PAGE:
Gas hydrates are typically pressure- and temperature-controlled accumulations of mostly methane that occur in sediments at relatively shallow depths. They contain significant amounts of gas, perhaps more than any other conventional or unconventional source, and could ensure energy supplies for many years. Their production has not yet proved to be commercial, but recent progress in developing appropriate production methods is encouraging. There is, therefore, an increasing need to understand and predict gas hydrate distributions and resources; this can be done using a new module developed for industry-recognized petroleum systems modeling software.

Petroleum systems modeling software was designed to simulate the generation, expulsion, migration, accumulation, and loss of hydrocarbons in conventional petroleum systems. Recent technological advances in this software have produced a new hydrate module that can be applied to assess unconventional hydrocarbon resources. Pressure and temperature modeling is the core task of petroleum systems models, so they are also obviously suited to gas hydrate modeling.

The numerical simulation of accumulations in marine and permafrost environments is done with algorithms describing (1) the physical, thermodynamic, and kinetic properties of gas hydrates; (2) a kinetic model for the microbially mediated, low-temperature degradation of particulate organic carbon in sediments; and (3) the transport of dissolved and free-phase constituents in the pore fluid. In contrast to the resolution of conventional resource assessments, the temporal and spatial resolutions have been increased to enable simulation timesteps of 100 years and a minimum cell thickness of one decimeter.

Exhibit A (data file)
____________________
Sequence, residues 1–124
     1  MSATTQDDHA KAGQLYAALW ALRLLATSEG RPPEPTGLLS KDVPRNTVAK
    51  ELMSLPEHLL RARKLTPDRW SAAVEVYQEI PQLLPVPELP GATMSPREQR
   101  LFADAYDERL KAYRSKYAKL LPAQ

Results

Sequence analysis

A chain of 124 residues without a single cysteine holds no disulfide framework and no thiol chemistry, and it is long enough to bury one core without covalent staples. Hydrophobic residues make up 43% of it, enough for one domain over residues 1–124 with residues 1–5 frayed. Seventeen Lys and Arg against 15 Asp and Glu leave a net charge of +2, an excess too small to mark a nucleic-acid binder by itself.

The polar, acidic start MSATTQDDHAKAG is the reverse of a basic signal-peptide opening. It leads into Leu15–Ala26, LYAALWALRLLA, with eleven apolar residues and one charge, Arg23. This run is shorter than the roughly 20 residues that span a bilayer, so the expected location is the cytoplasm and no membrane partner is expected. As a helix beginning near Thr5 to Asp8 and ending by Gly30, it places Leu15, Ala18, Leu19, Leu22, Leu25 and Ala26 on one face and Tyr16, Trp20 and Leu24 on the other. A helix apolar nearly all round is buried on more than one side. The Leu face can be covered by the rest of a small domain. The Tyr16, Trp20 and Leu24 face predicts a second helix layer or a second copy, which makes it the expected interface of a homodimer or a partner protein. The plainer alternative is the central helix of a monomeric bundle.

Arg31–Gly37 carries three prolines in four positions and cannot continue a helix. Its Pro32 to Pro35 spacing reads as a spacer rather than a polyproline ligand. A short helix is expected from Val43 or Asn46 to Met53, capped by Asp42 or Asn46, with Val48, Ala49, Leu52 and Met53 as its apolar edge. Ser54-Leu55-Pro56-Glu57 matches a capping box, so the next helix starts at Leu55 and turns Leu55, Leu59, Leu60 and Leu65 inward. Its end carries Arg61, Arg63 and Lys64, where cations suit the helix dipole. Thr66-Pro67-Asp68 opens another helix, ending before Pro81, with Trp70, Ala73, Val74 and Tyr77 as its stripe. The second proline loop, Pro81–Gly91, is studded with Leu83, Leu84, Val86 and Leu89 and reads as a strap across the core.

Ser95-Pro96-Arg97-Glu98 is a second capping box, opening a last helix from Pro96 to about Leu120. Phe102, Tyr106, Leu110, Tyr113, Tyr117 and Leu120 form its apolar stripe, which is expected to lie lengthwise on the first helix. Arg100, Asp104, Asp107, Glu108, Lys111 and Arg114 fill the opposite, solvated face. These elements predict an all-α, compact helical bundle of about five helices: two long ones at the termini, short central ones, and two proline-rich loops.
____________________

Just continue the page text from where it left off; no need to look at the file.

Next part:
The gas hydrate module was tested on the petroleum systems model of the Alaska North Slope region, where the hydrates have been drilled in fine-grained sand layers in marine and permafrost environments. Hydrate saturations and the methane source rock are well known in the drilled well. Simulations were run to predict the thickness of the Gas Hydrate Stability zone, the generation and migration of biogenic and thermogenic methane gas, the formation and dissociation of gas hydrates under marine and permafrost conditions, and the evolution of these properties over the geological past. The module is now being used by E&P companies and gas hydrate research centers in Japan, Korea, China, Germany, Norway, and the USA.

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